Poll Says Tax Credit Will Work
The government tax credit to first time home buyers and expansion of the program will work to help the housing market recover, according to a new Predictor Poll. The survey found that a small majority of those polled feel the program will work to aid the housing market to stabilize.
Only 57% of those polled said the tax credit backed by Congress would aid the market in its recovery. Some 43% of those who responded said it would not be of help to the market. By such a thin margin, the survey may also show that when we ask about political issues people just don’t care that much since many folks are disillusioned with the political process. The online survey was taken over a three week period ending December 1st.
Congress recently approved an extension of the first time home buyers credit and expanded the program to move-up buyers, who have not purchased a home in five years. The National Association of Realtors credits the first time home buyers credit with nearly 2-million home purchases through the end of 2009.
Do you feel the extension and expansion of the first time home buyers’ tax credit will help the housing market to recover?
Yes – 57% No – 43%
Survey Says Congress Will Fail in Economic Crisis
An overwhelming majority of Americans believe Congress and other government policymakers will fail in their efforts to get the U.S. economy straightened out and halt the foreclosure epidemic, according to a new Predictor Poll.
The online survey was completed Sunday and it found that 81% of those polled do not feel that Congress will be able to get control of the foreclosure epidemic, which was first forecasted by Housing Predictor in 2006. The foreclosure crisis is at the heart of the nation’s recessionary economy.
The poll clearly shows that Americans have lost faith in Congress to solve the nation’s # 1 problem. More than 5-million homes have been foreclosed since the crisis started, and each foreclosure costs the U.S. economy an average of $225,000. The direct cost of foreclosures may also be measured in blighted neighborhoods in thousands of cities across the country. There are more than 19-million vacant homes in the U.S. today.
The repeal of the Glass-Seagal Act, which was instituted by Congress during the Great Depression to protect the nation’s economy from financial shocks, took lobbyists nearly a quarter century to have abolished. The move opened the flood gate for a series of complicated financial instruments to be developed that would go without regulatory controls and eventually damage the U.S. economy to the point where bankers had to be bailed-out by the government.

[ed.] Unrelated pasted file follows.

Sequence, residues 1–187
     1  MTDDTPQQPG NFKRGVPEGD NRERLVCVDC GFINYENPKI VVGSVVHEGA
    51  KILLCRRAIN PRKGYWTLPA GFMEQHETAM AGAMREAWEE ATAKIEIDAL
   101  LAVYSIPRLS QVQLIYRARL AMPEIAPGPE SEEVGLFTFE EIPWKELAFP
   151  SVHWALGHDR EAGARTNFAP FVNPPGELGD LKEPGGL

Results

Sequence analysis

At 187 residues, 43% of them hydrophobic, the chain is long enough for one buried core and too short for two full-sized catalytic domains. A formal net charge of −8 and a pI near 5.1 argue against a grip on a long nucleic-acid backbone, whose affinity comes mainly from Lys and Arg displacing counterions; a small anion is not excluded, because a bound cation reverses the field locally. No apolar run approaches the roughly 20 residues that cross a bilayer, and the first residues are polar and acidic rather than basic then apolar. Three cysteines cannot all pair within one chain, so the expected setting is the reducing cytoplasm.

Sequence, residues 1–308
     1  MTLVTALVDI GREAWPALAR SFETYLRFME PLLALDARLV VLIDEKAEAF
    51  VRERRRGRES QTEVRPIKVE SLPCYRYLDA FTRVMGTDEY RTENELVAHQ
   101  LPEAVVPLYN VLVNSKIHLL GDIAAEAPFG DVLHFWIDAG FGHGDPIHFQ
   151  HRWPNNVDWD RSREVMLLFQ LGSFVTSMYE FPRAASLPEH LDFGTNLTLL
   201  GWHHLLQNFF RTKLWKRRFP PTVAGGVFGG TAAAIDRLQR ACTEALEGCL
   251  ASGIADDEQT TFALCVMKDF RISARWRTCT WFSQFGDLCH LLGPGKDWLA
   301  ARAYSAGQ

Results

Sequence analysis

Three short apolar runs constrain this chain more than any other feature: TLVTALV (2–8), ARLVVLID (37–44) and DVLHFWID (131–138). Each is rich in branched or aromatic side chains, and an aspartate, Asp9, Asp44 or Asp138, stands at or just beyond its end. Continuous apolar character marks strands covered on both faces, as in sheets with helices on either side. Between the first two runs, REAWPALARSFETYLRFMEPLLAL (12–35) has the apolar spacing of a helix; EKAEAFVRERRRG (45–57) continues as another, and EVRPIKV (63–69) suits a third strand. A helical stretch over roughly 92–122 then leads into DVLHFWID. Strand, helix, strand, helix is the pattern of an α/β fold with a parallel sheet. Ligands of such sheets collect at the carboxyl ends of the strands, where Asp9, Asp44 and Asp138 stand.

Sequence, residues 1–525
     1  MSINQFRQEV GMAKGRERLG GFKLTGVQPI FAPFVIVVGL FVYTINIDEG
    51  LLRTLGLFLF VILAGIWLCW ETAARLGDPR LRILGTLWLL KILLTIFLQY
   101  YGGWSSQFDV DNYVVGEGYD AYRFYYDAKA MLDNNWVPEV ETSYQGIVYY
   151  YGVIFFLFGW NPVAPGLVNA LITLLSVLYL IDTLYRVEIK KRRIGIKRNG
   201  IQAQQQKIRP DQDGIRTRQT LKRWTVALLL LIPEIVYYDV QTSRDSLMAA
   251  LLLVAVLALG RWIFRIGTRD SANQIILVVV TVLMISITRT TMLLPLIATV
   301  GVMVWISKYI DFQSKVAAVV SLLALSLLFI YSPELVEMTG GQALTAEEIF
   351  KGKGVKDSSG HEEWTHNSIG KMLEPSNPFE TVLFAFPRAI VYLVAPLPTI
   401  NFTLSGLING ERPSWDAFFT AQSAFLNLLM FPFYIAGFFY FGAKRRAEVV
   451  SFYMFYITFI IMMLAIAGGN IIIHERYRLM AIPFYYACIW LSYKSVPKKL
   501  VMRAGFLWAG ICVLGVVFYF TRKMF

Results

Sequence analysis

Will Congress and other U.S. government policymakers be able to halt the foreclosure epidemic to aid the economic recovery?
Yes – 19% No – 81%
Survey Demonstrates Optimism in Housing
Homeowners and renters are still mobile in their view of the housing market with more than 2 out of 3 planning to move within the next nine years, according to the latest Predictor Poll. The online survey was completed Monday.
Some 32% of those surveyed said they are planning a move within the next year, while another 18% said they intend to move in the next three years. An additional 18% surveyed said they plan on moving in four to nine years. The survey demonstrates optimism about the housing market, despite the un-winding of the financial crisis and lower real estate prices in almost all areas of the country.
Homeowners and renters surveyed feel very similar to trends before the financial crisis in housing when the average period of homeownership was seven years. The housing crash has sent home prices down at least an average of 30% in the least affected areas of the country and as much as 75% on individual homes in the worst affected markets. The epidemic of foreclosures is forecast to pull prices down further in the worst impacted markets.
How long do you plan on living in your present home?
Less than 1 year – 32% Two to 3 years – 18% Four to 9 years – 18% Ten to 15 years – 11% More than 15 years – 20%
To see poll previous results from 2009 click here.